BASICALLY the audience is anyone with an internet connection. If we can get HALF the people with an internet connection, I’d consider myself a success.

Jen: There is a six page preview and full twenty-four page issue on Monday IN color and it costs?

Chris: ONE DOLLAR.  I grew up reading single issues, I like graphic novels and eight page backups but that SINGLE ISSUE format is what I latched onto growing up. The twenty-four page format gives you a structure that is fun to work with. A three act story with a defined place to work. It’s totally cheating in some way, shifting every eight pages makes it much fun. That’s how I’d write Solomon Stone. It’s a fine style to work with and no room taken up by ads.

First of all, it’s digital so I can do that, not paying for print but that little extra room helps build to a better conclusion in each issue. While putting our seven issues together will have a larger arc, they will each feel like an individual adventure. My article on Stan Lee/Jack Kirby’s Fantastic Four in 1964 had interconnected story arcs.  Steve Englehart’s Detective Comics with Hugo Strange built on the longer stories. That’s the format that I like! It’s easier to sell a complete issue for $1 vs a digit-GN for $4.

Jen: How can I possibly purchase this comic, Chris?

Chris: Dracula will be available on our website in PDF and CBR format set up with a service via Paypal for a MERE dollar.

Jen: Depending on the success of #1, when would #2 come out?

Chris: The second issue is written. Theoretically, Steve could work on it NOVEMBER 1st but he’s busy with BOOM studios and others. Myself, I find it difficult to write for my own projects in addition to Comics Alliance and Awesome Hospital. The best we can hope for is quarterly. Obviously if 200,000 people buy it I’ll quit my day job and write Dracula comics FULL TIME. Hahaha, Steve too.

Quarterly, gosh. Steve is one of the best colorists today and that takes up a lot of his time he could be pencilng and inking. BUT when you’ve got one of the best colorists in the business, you want him to work.

Jen: Quarterlyish…1, 2, 3 – VALENTINES? Could I buy it for my valentine?

Chris: Actually issue 2 is a tale of love gone wrong… That would work, not in the way you think. I’m telling Steve that’s what we’re doing now that you’ve suggested it.

Jen: Looking at the cover art, I have to ask…Did you read a lot of Ruse before you made this? That sidekick looks familiar.

Chris: YES, that is true. She is a slight homage to Emma Bishop. I talked to Mark Waid after interviewing him for War Rocket Ajax. He was very helpful in discussing his work on Emma in Ruse who wasn’t exploitative AND wasn’t just a prop to have things explained to her. How do you do it, I had to ask him. He gave me the advice ANYONE can benefit from:

“You never have one character tell another something that they already know.”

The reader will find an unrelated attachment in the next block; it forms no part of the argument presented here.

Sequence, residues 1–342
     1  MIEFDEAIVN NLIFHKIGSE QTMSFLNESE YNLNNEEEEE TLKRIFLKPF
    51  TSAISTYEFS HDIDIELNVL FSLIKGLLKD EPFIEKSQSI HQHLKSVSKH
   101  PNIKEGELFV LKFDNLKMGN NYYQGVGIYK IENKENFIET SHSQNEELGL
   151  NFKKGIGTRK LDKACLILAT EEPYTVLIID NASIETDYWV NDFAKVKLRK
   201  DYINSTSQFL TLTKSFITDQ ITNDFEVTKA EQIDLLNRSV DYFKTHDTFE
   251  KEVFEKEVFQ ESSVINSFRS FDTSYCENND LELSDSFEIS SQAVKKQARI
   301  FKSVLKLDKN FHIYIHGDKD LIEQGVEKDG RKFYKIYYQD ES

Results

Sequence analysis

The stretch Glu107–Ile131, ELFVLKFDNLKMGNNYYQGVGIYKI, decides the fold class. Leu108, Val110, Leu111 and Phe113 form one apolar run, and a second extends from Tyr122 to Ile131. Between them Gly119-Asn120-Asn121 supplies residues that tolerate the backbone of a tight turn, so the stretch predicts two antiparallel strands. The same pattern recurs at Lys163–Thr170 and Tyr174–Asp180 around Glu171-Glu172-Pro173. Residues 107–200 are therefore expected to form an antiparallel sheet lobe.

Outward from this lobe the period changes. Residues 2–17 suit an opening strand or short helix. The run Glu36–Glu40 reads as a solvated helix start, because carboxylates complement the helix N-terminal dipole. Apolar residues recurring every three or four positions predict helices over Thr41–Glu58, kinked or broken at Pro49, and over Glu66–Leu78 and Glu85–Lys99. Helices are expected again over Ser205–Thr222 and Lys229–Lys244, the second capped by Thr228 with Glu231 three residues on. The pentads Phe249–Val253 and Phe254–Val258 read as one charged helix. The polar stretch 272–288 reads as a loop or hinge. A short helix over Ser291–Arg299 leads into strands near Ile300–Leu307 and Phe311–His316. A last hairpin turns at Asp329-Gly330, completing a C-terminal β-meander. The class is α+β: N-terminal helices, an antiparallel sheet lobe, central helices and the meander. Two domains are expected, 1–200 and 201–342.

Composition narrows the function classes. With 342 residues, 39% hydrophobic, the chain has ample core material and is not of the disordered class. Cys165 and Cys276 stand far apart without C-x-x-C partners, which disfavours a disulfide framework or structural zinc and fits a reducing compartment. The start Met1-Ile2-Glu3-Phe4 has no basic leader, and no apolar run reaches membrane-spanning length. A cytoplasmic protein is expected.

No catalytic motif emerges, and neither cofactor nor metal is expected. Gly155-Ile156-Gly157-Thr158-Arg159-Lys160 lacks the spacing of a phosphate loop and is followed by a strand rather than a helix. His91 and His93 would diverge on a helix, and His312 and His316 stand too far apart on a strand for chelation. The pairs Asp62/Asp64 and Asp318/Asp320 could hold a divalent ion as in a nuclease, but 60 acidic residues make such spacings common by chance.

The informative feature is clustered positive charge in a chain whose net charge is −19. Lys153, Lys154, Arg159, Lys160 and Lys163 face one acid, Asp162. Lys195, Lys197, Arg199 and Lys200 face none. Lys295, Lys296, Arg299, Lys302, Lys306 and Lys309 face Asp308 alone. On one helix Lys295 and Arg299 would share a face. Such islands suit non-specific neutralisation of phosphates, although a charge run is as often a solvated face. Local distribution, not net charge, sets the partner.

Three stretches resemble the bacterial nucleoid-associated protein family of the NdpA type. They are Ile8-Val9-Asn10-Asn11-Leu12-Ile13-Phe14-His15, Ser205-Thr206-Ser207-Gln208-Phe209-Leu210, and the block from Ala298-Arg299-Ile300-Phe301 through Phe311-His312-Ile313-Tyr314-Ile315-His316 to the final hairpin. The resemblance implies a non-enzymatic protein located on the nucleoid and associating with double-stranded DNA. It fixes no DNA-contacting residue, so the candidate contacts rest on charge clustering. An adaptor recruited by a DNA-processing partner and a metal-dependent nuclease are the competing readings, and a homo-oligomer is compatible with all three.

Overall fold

That way you avoid reducing a character to a plot device or dumb them down. Thalia, Dracula’s sidekick, has her own motivations and reasons for being with Dracula, which you’ll see in the first issue. Obviously, the eyes will all be on Dracula. You don’t want to spend a lot of time on the sidekick but she is very much a part of the story and how she relates to Dracula, well, she changes the story by being there. It’s a completely different thing if it’s Dracula on his own, it would be Tomb of Dracula where he’s unrepentant. A side kick can see him at his lowest point and act as his conscious (for lack of a better term). Thalia’s contributing to the story in a completely different way than if it was just Dracula by himself. She’s fun to write too. She’s one of the reasons I wanted to set it back in 1901. I wanted him to have a smart sidekick, that is not genre-deep smart, not steeped in vampire knowldege like we are today.

Jen: Does she have any knowledge of vampires?

Chris: Well, she has READ Bram Stoker’s Dracula, it comes out in the 4th or 5th issue.

Jen: Is that a jaunty little hat I see on the that crow on the cover?

Chris: It is a crown…If I tell you anymore it will ruin the story. “But WHO or WHAT is it?”

Jen: Will you be sitting in your chair dressed as Dracula on Monday to watch the money roll in?

Chris: If enough money rolls in that I can run out and buy a Dracula costume, I might.

Jen: What is a must-have in your bowl for Trick-or-Treater’s?

Chris: Full size Reese’s. No need for those minis, the full are already ‘fun.’ Although it is fun to shove a handful of those minis in your maw.

Jen: Do you purposefully keep the light off to get Reese’s at the end of the night?

Chris: My porch light burned out so I HAVE to put out a jack-o-lantern. Every three years we get KILLED with kids. The other two years I’ll end up with a whole bowl of Heath bars. I don’t believe in people who get angry about giving away candy to kids without costumes or old trick-or-treaters. Are we really gonna put rules on the night where we hand out candy to masked strangers? If they say the magic phrase, they get candy. Take your rules and shove it. If you can trick or treating to my door, Jen, I’d give you candy and no matter what you dress up as I’ll say “Oh, what a lovely princess.”

Thank you to Chris Sims for his kind interview and I look forward, as do you, to Monday when I can download DRACULA THE UNCONQUERED for $1.

Jen Vaughn will no doubt read DRACULA THE UNCONQUERED while eating candy she ‘earned’ for creating a TARDIS costume and knocking on other adults doors. She is also a cartoonist, journalist, teacher and writes for the Schulz Library Blog.